By keeping everything simpler, they make the code easier to review/maintain, so the libc is much stronger overall. Now that's just my POV and some would probably disagree. I don't care much about them.

So what have I done so far?

I have a cross compiler installed in $HOME/cross/gcc-x86_64:

$ sponge < /home/egull/cross/gcc-x86_64/README
TRIPLET :       x86_64-linux-musl
PREFIX  :       /home/egull/cross/gcc-x86_64
GCC     :       4.8.5
BINUTILS:       2.25
MUSL    :       1.1.10
KERNEL  :       4.1.4

$ tree /home/egull/cross/gcc-x86_64/bin/
├── x86_64-linux-musl-addr2line
├── x86_64-linux-musl-ar
├── x86_64-linux-musl-as
├── x86_64-linux-musl-c++filt
├── x86_64-linux-musl-cpp
├── x86_64-linux-musl-elfedit
├── x86_64-linux-musl-gcc
├── x86_64-linux-musl-gcc-4.8.5
├── x86_64-linux-musl-gcc-ar
├── x86_64-linux-musl-gcc-nm
├── x86_64-linux-musl-gcc-ranlib
├── x86_64-linux-musl-gcov
├── x86_64-linux-musl-gprof
├── x86_64-linux-musl-ld
├── x86_64-linux-musl-ld.bfd
├── x86_64-linux-musl-nm
├── x86_64-linux-musl-objcopy
├── x86_64-linux-musl-objdump
├── x86_64-linux-musl-pkg-config
├── x86_64-linux-musl-ranlib
├── x86_64-linux-musl-readelf
├── x86_64-linux-musl-size
├── x86_64-linux-musl-strings
└── x86_64-linux-musl-strip

0 directories, 24 files

It links everything statically, and use only what's in $HOME/cross/gcc-x86_64/bin/x86_64-linux-musl/{lib,include}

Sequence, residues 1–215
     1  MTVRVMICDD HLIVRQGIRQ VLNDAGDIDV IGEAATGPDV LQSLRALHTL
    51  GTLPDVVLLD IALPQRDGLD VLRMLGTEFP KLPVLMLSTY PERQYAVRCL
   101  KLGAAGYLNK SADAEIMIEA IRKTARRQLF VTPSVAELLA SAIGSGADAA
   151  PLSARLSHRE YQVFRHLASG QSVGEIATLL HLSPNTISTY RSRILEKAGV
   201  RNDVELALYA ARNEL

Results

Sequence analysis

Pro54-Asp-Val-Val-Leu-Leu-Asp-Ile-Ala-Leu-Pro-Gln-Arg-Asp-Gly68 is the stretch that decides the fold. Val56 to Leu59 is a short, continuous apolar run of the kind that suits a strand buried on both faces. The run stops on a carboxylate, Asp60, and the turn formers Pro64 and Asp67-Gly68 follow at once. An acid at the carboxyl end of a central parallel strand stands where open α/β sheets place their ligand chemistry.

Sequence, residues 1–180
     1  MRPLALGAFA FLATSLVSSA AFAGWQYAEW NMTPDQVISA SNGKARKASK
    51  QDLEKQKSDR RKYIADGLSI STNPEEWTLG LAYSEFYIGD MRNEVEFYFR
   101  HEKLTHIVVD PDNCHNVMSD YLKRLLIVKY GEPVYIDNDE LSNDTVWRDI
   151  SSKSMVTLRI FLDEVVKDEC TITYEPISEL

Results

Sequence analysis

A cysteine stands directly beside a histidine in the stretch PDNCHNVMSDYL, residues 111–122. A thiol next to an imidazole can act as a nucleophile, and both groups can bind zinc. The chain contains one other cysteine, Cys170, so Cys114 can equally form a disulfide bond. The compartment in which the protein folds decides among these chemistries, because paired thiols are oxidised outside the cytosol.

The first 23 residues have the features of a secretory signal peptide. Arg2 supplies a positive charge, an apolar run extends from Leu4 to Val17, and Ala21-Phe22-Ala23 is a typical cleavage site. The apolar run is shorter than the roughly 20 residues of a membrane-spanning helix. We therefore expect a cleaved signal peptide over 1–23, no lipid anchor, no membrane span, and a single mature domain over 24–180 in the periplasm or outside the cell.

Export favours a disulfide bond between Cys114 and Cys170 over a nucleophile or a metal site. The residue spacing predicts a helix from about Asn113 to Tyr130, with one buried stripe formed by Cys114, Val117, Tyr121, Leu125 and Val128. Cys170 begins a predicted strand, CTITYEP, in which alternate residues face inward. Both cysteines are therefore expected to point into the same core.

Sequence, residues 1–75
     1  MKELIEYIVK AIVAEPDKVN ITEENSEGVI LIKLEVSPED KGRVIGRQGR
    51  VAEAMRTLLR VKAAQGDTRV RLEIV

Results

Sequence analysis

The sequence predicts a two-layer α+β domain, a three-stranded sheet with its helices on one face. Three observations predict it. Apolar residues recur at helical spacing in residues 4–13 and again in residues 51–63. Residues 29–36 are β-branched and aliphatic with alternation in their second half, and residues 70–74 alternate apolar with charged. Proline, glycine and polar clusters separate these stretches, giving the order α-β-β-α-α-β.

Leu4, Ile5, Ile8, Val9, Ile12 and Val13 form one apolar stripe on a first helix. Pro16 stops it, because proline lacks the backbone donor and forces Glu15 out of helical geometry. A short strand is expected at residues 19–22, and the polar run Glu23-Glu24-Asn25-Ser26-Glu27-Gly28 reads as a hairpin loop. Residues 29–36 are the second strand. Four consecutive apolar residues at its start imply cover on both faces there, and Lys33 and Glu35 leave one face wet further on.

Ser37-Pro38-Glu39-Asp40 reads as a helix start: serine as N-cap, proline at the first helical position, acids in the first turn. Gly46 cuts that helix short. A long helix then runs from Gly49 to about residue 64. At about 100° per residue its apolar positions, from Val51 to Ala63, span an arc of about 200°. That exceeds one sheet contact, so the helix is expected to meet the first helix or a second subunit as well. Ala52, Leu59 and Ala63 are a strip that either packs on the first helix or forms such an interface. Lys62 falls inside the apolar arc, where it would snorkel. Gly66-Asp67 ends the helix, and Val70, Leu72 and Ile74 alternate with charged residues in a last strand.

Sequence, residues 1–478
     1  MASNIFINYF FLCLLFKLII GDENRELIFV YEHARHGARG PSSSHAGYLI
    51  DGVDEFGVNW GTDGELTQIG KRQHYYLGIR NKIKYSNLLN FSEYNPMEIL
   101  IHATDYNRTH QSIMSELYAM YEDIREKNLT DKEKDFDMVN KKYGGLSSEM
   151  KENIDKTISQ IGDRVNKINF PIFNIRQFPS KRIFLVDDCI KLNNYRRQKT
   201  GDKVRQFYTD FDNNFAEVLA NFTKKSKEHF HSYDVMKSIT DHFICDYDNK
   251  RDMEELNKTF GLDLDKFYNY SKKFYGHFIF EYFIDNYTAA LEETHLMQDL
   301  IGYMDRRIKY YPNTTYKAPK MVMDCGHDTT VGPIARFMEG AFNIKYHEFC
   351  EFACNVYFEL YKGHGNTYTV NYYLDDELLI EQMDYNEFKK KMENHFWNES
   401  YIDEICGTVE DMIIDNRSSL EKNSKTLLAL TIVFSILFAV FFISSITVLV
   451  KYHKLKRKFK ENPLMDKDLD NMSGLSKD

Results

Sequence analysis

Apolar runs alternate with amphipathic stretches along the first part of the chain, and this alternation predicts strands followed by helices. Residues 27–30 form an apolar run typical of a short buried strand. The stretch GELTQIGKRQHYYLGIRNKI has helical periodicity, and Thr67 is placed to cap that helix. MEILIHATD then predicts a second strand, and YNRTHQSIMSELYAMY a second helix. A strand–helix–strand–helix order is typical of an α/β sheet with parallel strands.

So if I want to compile something against, let's say libressl, I first need to install libressl's headers and libs to my toolchain's root.

I have written a dumb package manager which can install packages to whatever root the $PMROOT variable points to. It makes everything stupidly easy to work with
Here is what happens when compiling curl alone, with --with-ssl flag:

$ (cd tree/curl; pmkit build)
configure: WARNING: SSL disabled, you will not be able to use HTTPS, FTPS, NTLM and more.

$ work/curl-7.42.1/bin/curl --version
curl 7.42.1 (x86_64-unknown-linux-gnu) libcurl/7.42.1
Protocols: ftp gopher http
Features: Largefile UnixSocket

SSL is disabled as the configure script couldn't find the appropriate libs.
Now if I build libressl, and install it to the cross-compiler directory:

# useless output is suppressed here
$ (cd tree/libressl; pmkit build)
$ PMROOT=$HOME/cross/gcc-x86_64/x86_64-linux-musl; export PMROOT
$ pmkit add repo/libressl\:2.1.6.pkg
$ pmkit list
libressl 2.1.6
$ (cd tree/curl; pmkit build)
$ work/curl/bin/curl --version
curl 7.42.1 (x86_64-unknown-linux-gnu) libcurl/7.42.1 LibreSSL/2.0.0
Protocols: ftp ftps gopher http https
Features: Largefile NTLM NTLM_WB SSL UnixSockets

SSL support is now compiled in, yay!
I can then just remove the libressl package from the cross environment:

$ PMROOT=$HOME/cross/gcc-x86_64/x86_64-linux-musl; export PMROOT
$ pmkit del libressl
$ pmkit list

Next step is to figure out what are the base packages that are needed on a fresh install. If you have any suggestion, they're welcome!
Grey Hair Nixers
I'm finally confident with my package building system, so now I'll start packaging more and more to finally bootstrap a working system. You can find the package recipes here: http://git.z3bra.org/cgit.cgi/ports. I'll keep you updated when it will be in a "bootable" state
I should look into musl. Nice work!